Ascent and descent for a bounded linear operator

Let $T$ be a bounded linear operator on some complex Banach space. We define its ascent by $\alpha(T) = \min \{ n \ge 0 \, / \, N(T^n) = N(T^{n+1}) \}$ and its descent by $\delta(T) = \min \{ n \ge 0 \, / \, R(T^n) = R(T^{n+1}) \}$ where $N(T)$ and $R(T)$ denote respectively the kernel and the range of $T$.

It's well known that if both $\alpha(T)$ and $\delta(T)$ are finite, then they are equal.

Suppose now we know that $\alpha(T)$ is finite, and $N(T^{\alpha(T)})$ is finite-dimensional. What can we say about $\delta(T)$ ? Is it finite ?

Let $T$ be the right shift on $\ell^2$, i. e. $T(x) = (0, x_1, x_2, \ldots)$. Then $T$ is injective, so $\alpha(T) = 0$ and $\dim N(T^0) = 0$. On the other hand, $R(T^n) = \{x \in \ell^2\mid x_k = 0, k \le n\}$, so $\delta(T) = \infty$.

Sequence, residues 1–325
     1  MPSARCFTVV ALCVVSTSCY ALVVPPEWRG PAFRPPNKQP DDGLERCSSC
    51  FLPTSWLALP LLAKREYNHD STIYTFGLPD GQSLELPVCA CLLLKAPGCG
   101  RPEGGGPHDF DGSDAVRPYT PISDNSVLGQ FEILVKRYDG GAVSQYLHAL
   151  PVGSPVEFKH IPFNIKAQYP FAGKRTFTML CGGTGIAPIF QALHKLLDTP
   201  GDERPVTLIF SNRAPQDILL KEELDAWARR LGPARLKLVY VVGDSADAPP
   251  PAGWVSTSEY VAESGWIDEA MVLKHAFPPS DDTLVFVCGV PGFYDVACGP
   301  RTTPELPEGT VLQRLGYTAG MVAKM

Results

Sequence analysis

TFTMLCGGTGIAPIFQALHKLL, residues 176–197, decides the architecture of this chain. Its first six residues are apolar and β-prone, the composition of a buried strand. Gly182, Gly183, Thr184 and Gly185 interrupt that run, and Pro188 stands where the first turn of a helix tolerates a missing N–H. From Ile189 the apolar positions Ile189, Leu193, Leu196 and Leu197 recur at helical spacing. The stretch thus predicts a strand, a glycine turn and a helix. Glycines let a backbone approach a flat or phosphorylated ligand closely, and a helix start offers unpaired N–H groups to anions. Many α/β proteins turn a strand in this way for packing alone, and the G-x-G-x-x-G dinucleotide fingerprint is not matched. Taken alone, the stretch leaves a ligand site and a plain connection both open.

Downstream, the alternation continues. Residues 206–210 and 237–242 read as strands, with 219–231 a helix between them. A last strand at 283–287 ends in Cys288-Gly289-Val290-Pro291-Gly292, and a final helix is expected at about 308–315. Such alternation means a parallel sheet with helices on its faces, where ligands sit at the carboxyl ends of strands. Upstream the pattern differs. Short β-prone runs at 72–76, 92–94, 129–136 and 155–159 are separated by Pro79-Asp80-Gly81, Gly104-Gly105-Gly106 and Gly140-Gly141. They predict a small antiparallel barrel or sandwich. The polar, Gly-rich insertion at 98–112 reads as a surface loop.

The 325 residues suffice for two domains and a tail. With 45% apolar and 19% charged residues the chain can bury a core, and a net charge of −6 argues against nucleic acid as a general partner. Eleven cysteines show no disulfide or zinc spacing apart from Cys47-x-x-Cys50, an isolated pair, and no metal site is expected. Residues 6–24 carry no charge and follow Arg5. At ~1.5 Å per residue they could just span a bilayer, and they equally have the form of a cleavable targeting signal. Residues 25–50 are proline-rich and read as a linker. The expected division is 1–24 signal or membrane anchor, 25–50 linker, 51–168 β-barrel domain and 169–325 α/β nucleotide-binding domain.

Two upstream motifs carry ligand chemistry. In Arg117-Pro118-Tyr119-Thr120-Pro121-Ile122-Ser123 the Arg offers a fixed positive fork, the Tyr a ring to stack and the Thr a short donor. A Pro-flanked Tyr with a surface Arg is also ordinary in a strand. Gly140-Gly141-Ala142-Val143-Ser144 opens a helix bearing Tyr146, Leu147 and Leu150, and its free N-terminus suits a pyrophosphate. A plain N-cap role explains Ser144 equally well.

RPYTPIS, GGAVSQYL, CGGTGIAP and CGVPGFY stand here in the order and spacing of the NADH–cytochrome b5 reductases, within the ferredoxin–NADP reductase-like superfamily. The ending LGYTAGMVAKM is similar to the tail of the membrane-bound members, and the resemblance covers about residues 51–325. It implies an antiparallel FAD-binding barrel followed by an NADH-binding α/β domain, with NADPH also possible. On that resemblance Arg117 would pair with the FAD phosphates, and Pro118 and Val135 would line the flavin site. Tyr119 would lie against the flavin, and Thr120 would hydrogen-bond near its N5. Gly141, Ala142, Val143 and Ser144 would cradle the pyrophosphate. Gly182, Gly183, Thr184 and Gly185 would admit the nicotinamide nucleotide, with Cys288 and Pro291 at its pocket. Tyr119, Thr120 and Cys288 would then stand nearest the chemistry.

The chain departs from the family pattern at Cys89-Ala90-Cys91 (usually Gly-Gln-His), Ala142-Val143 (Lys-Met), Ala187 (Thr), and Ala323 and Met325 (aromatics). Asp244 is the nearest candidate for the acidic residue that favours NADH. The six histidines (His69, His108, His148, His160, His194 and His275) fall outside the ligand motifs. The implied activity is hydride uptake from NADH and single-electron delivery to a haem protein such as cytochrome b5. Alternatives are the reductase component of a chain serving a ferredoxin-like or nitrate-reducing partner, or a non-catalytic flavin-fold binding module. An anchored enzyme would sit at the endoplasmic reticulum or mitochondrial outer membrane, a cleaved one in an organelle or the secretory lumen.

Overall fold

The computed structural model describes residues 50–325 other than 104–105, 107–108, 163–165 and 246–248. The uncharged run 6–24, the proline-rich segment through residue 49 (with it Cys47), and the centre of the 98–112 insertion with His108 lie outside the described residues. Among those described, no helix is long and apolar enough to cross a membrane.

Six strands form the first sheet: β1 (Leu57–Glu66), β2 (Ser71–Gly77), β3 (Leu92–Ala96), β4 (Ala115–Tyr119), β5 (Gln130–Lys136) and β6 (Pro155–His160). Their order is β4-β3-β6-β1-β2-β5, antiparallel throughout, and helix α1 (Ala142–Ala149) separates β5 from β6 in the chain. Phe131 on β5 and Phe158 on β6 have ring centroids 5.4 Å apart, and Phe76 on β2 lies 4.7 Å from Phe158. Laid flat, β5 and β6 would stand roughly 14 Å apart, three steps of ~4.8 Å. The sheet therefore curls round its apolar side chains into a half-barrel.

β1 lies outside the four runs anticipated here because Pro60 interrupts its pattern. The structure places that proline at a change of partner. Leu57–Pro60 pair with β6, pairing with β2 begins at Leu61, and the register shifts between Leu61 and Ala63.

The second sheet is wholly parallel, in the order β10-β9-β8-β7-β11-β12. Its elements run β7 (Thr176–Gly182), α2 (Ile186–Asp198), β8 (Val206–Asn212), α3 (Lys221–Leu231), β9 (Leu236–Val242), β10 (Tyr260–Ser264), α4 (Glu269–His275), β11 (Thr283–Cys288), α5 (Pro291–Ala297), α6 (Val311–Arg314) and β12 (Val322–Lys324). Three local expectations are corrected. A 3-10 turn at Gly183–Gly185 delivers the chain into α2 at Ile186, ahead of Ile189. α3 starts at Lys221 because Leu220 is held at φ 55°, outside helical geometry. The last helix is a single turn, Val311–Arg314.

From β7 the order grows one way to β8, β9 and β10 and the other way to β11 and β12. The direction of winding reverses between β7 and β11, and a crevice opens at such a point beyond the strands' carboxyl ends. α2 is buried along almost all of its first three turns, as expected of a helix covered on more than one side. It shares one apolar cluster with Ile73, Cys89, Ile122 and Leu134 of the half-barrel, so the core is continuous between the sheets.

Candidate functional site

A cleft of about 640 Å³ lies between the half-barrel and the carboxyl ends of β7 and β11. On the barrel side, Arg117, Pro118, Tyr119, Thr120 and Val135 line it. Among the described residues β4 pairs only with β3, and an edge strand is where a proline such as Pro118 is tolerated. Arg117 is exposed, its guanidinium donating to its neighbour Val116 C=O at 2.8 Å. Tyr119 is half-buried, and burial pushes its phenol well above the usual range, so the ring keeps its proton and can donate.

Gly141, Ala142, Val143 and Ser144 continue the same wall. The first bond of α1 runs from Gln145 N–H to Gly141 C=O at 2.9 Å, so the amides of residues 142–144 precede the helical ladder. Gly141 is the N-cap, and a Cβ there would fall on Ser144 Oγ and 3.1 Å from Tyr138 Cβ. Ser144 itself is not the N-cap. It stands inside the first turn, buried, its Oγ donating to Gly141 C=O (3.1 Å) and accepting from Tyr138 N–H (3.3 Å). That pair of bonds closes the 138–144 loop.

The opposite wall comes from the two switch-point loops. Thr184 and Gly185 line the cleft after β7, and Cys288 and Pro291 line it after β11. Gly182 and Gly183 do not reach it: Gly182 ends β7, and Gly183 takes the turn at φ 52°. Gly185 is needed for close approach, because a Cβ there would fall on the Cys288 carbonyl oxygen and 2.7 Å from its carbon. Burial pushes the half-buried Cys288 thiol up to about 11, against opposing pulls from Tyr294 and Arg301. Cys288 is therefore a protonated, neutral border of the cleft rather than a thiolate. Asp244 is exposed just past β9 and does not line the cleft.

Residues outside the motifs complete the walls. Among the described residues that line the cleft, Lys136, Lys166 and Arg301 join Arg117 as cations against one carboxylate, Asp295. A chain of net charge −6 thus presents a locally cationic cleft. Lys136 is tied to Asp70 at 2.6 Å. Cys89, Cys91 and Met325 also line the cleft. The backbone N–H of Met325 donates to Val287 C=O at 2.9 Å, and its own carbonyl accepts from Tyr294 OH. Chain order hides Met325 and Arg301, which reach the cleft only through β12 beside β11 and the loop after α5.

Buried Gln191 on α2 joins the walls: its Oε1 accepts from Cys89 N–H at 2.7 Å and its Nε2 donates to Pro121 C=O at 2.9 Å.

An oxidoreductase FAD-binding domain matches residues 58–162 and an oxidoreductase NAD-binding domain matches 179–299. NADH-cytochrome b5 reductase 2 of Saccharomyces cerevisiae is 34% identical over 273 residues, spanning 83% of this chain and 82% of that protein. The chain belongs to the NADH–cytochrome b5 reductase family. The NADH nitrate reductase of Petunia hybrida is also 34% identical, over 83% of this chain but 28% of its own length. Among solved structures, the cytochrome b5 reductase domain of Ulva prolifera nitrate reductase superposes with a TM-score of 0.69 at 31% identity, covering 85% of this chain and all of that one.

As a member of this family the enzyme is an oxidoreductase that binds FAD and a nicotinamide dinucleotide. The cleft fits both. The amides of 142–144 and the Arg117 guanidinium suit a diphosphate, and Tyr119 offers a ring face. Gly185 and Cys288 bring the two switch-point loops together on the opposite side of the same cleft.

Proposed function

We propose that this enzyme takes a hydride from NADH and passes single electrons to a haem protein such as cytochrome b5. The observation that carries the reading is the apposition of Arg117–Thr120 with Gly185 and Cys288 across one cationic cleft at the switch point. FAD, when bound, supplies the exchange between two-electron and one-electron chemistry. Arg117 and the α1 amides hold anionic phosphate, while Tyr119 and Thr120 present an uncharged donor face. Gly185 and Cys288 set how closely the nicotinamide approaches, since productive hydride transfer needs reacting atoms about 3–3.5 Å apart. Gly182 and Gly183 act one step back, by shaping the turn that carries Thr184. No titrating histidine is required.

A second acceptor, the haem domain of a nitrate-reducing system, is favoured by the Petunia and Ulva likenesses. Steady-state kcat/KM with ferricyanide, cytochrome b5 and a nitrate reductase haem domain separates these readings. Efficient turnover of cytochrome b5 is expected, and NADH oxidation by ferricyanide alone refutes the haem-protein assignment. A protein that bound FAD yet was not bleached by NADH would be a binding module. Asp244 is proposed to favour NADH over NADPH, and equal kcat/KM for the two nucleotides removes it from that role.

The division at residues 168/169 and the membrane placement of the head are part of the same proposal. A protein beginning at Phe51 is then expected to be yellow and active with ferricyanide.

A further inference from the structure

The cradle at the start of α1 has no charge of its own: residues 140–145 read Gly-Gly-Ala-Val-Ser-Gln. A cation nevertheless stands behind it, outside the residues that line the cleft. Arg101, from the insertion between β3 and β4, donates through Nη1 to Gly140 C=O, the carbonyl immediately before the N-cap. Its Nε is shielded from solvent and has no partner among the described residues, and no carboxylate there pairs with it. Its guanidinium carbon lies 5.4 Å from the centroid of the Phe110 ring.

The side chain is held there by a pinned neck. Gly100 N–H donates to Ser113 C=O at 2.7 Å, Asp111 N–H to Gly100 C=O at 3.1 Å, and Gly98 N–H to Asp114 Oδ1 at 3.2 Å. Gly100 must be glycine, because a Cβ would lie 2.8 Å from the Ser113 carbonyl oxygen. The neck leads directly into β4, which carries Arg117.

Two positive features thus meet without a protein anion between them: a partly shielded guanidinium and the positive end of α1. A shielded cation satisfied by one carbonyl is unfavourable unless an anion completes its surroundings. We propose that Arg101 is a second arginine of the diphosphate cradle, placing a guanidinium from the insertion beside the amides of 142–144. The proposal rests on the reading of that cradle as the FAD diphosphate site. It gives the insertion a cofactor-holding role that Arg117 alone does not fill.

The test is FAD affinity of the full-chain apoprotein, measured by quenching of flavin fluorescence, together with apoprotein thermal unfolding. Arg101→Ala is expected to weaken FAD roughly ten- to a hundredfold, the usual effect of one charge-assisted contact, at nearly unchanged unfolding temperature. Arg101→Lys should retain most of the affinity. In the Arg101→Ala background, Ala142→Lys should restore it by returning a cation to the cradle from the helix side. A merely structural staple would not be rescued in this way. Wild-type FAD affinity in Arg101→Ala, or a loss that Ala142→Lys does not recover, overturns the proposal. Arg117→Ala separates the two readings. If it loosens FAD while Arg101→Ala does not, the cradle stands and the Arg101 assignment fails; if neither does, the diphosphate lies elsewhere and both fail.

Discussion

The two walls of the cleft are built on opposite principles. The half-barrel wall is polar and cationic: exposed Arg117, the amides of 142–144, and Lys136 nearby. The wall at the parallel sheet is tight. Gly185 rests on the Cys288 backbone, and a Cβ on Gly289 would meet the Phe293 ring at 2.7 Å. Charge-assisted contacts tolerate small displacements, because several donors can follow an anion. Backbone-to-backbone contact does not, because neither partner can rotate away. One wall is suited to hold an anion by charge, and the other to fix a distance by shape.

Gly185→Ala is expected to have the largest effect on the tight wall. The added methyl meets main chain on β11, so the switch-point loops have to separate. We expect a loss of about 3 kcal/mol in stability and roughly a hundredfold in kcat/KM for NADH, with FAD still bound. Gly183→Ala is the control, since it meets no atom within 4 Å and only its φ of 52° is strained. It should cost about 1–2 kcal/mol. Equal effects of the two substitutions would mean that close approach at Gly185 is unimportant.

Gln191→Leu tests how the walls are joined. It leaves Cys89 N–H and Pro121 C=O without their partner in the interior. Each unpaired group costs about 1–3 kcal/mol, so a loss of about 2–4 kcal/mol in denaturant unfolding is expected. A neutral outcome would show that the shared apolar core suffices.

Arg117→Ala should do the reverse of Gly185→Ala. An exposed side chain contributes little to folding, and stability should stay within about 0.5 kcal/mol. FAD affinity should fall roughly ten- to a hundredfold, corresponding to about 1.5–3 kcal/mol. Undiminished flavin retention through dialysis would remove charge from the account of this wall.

Yes, you're right. I forgot to say that $\alpha(T) > 0$ ... We can also suppose if necessary that $0$ is isolated in the spectrum of $T$. – Ahriman Oct 10 '11 at 8:51
Modifying my example a little, I think we can have $\alpha(T) > 0$. Again over $\ell^2$, let $Tx = (x_2, 0, 0, x_3, x_4, \ldots)$, then for $n \ge 2$: $T^nx = (0, \ldots, 0, x_3, x_4, \ldots)$, so $N(T) = \langle e_1\rangle$, $N(T^n) = \langle e_1, e_2\rangle$ for $n \ge 2$. So $\alpha(T) = 2$, $\dim N(T^2) = 2$, $\delta(T) = \infty$. – martini Oct 10 '11 at 9:29